Farm Ireland
Independent.ie

Wednesday 24 May 2017

New push for increased funding for farmers on marginal land

Sheep grazing as a winter's evening draws to a close on the Slieve Mish Mountains near Camp, looking towards the Iveragh Peninsula, in County Kerry PHOTO:Valerie O'Sullivan
Sheep grazing as a winter's evening draws to a close on the Slieve Mish Mountains near Camp, looking towards the Iveragh Peninsula, in County Kerry PHOTO:Valerie O'Sullivan
Ciaran Moran

Ciaran Moran

The IFA has said that the areas currently designated as Areas of Natural Constraint (ANC) must be fully protected in the forthcoming review of areas, and payments must be increased in this vital support scheme for low-income farmers on marginal land.

At the meeting, attended by MEPs and TDs from the Munster region, President Joe Healy said ANC payments represent a significant support for up to 95,000 farmers who farm in some of the most difficult conditions.

“This must be recognised by European and national politicians.

“Every effort must be made to protect the areas already designated and to restore overall funding to its pre-2009 level, when Budget cutbacks were made.

“There is already a Programme for Government commitment to increase the ANC allocation by €25m in 2018 and this must be improved upon to coincide with the review,” he said.

The IFA President said that the Government, in the negotiations with the EU Commission on the review, must put forward strong arguments which support this vital scheme and must use all political capital to ensure that all farmers continue to benefit.

IFA Rural Development Chairman Joe Brady said that there are sufficient flexibilities in place in the Guidelines to Designate ANC Areas to protect areas already classified in the upcoming review.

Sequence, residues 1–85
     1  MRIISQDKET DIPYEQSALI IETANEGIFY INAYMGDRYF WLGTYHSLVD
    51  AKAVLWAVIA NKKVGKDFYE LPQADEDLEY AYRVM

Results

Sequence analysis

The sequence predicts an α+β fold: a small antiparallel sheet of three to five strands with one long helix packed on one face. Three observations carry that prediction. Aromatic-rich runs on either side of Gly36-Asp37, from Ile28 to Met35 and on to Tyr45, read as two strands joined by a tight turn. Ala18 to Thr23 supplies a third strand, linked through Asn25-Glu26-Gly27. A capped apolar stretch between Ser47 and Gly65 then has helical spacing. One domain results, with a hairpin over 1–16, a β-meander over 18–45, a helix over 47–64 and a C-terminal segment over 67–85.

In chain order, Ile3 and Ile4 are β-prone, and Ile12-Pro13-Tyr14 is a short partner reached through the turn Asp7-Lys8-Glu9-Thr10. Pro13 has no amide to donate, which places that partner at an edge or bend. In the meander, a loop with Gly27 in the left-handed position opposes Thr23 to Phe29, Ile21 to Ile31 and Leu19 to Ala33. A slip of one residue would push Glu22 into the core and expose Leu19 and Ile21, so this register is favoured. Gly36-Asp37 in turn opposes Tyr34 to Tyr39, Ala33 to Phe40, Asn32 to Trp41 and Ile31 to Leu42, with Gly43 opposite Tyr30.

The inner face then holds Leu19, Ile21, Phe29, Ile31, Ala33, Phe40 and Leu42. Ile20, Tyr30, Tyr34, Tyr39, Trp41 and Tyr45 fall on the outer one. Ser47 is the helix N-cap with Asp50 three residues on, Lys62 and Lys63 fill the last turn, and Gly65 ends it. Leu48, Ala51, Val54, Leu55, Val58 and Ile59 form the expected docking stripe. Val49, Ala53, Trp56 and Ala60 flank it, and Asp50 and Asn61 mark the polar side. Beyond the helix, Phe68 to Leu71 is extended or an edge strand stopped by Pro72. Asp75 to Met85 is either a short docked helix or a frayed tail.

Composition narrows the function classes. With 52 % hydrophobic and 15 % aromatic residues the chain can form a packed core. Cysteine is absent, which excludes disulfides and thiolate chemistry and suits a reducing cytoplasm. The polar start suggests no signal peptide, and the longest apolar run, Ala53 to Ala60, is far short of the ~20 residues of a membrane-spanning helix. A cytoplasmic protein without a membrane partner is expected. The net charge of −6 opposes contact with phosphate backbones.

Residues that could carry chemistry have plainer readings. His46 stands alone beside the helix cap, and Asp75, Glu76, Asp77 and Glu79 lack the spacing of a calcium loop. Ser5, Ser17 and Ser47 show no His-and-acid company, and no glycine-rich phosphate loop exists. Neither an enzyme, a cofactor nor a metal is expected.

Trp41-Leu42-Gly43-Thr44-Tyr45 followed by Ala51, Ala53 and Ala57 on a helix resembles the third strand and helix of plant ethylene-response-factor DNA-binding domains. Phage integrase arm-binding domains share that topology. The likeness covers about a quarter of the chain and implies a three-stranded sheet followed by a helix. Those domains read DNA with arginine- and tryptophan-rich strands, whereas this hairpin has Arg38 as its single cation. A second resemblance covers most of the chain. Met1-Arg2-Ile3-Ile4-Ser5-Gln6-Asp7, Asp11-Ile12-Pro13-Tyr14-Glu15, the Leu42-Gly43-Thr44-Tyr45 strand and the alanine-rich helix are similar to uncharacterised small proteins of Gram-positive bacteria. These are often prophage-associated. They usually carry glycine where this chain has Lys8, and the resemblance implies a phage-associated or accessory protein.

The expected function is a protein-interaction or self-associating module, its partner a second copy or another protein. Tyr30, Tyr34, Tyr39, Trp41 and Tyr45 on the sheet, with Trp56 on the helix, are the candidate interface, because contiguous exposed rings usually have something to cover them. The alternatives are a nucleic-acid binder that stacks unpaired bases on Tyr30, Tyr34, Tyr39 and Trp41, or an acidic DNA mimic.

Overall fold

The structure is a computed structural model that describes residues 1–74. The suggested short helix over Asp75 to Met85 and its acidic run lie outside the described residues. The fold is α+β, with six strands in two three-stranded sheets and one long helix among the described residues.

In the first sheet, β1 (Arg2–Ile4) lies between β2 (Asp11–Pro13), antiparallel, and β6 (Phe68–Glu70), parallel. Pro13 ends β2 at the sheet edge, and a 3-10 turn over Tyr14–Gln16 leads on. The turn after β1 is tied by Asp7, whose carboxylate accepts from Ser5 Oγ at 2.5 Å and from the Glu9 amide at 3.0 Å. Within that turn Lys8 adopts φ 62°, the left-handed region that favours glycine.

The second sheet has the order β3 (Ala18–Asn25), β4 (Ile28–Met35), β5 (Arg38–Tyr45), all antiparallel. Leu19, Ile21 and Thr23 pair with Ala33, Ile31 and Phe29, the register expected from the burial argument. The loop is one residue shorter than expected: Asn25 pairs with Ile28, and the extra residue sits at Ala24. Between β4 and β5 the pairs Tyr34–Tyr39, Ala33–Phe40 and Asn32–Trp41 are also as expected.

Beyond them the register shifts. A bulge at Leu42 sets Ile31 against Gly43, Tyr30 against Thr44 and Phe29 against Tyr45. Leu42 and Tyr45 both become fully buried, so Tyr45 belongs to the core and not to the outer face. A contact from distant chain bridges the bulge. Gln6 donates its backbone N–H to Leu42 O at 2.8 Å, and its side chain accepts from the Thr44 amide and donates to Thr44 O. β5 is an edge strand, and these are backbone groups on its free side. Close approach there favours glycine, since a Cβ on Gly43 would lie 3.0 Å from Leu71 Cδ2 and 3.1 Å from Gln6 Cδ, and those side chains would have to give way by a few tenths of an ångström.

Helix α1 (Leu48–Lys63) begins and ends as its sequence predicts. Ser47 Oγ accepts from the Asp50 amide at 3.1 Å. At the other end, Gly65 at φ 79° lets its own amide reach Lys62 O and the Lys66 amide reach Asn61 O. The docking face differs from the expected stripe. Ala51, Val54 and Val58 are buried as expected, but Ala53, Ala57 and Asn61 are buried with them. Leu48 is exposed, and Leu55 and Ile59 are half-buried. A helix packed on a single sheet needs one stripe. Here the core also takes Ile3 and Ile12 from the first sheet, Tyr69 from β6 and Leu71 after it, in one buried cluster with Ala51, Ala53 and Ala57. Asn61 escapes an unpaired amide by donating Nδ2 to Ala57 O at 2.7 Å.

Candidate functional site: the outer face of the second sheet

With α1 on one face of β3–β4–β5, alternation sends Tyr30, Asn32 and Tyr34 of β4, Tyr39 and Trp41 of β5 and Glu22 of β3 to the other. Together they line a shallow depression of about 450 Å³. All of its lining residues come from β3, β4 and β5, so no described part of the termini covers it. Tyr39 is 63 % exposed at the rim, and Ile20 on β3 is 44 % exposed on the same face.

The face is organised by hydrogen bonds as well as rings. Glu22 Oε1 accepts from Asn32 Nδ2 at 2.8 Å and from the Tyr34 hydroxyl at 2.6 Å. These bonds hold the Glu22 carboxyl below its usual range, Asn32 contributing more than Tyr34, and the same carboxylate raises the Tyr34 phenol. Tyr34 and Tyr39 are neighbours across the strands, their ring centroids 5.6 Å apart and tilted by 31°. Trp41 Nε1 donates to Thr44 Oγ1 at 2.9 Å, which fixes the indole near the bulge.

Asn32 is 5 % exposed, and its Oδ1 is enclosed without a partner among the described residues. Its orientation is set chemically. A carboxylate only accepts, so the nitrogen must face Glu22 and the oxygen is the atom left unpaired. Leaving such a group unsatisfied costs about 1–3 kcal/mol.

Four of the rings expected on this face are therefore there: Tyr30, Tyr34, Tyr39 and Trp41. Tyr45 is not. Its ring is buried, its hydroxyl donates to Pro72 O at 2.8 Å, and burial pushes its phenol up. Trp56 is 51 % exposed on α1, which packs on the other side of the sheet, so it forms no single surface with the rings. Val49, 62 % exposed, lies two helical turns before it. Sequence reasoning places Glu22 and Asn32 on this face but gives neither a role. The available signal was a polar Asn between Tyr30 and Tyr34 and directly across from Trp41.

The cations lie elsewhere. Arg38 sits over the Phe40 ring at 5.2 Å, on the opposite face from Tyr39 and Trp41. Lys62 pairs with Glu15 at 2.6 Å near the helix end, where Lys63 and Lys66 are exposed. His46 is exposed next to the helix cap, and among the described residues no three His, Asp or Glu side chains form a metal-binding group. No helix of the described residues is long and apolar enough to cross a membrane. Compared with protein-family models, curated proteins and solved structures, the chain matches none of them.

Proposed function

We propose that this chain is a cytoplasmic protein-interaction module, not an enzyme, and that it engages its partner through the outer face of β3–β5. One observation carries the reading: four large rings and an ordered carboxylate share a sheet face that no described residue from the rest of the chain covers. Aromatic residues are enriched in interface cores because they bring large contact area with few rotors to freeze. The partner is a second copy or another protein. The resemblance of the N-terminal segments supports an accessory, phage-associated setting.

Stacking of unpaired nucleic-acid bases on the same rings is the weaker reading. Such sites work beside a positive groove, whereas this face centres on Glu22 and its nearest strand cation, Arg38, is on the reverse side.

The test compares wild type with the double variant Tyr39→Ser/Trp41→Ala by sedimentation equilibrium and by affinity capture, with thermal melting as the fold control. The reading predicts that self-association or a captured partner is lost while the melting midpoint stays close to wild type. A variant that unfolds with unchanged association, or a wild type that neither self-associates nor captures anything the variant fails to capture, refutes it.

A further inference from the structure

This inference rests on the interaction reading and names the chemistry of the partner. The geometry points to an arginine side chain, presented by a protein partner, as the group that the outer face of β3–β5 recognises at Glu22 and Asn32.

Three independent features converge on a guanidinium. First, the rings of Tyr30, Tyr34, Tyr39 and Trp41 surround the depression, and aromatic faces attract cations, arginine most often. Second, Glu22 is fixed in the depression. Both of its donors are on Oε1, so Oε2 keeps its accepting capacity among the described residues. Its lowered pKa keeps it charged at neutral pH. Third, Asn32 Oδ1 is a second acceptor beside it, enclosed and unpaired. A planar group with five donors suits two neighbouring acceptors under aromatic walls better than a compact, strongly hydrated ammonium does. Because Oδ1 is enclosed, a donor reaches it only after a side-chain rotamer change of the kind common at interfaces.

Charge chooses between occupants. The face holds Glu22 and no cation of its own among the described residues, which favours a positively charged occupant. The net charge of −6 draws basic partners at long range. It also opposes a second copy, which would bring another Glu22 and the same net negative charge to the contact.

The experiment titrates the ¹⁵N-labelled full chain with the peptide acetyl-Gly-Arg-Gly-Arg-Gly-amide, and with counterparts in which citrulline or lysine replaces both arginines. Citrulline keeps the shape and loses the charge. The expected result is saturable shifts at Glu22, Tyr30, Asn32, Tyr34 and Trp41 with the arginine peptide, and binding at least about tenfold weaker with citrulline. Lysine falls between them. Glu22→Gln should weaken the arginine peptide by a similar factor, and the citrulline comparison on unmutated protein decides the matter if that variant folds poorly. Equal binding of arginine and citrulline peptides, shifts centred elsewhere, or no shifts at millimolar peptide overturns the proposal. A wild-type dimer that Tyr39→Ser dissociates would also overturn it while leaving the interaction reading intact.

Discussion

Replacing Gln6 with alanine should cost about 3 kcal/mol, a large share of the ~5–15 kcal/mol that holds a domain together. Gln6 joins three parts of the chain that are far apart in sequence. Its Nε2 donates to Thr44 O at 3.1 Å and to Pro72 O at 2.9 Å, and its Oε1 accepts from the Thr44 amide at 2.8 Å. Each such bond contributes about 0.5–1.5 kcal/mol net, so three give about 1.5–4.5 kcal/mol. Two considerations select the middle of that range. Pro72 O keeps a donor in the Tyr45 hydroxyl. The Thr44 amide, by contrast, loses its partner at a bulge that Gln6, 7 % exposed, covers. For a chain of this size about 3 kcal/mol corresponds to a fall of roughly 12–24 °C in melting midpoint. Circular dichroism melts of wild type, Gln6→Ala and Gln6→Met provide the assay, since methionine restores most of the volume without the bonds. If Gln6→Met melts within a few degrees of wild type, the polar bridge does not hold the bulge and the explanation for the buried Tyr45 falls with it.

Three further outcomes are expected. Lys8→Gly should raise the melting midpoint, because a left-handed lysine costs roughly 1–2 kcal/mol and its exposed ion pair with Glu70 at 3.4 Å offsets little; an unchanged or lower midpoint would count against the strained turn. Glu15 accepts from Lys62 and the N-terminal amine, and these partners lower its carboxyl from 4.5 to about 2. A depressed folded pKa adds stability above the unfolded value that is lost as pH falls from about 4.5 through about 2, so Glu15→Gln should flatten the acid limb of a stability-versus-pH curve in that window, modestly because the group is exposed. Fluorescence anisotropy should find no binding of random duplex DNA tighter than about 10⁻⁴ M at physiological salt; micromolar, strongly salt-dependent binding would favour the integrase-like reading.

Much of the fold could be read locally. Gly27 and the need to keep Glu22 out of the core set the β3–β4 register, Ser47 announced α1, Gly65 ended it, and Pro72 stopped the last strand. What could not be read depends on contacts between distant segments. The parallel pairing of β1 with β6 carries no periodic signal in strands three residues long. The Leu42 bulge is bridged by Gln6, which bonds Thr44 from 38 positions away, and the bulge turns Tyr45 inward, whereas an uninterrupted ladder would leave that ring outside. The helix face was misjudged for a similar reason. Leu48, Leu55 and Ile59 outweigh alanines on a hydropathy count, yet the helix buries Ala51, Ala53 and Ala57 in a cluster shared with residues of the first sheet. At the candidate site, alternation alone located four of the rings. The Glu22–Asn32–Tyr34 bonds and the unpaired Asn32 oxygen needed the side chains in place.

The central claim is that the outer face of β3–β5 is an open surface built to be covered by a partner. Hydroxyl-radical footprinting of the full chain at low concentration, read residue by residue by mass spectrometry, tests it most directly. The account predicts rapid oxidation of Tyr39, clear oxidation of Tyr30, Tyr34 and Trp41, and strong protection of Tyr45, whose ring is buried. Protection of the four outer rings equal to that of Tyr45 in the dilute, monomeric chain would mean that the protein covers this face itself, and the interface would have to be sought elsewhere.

At a recent meeting in Brussels, the EU Commission made clear that member states can make a case based on local conditions to ensure that areas retain their status and continue to qualify for payments.

In addition, Ireland can make a case for areas that have difficulty in qualifying under the new criteria by classifying them based on agricultural output, stocking rate, permanent grassland, and farming systems, as well as areas with specific constraints.

Speaking on behalf of hill farmers, IFA Hill Committee Chairman Pat Dunne said that ANC payments are a vital support along with other direct payments for sustaining hill farming. “The ANC support should be pitched at a level which reflects the conditions which farming is carried out in the most marginal and hilly areas. The addition of funding that must be provided by the Government can be a major help in this regard for the 30,000 farmers who have hill land.”


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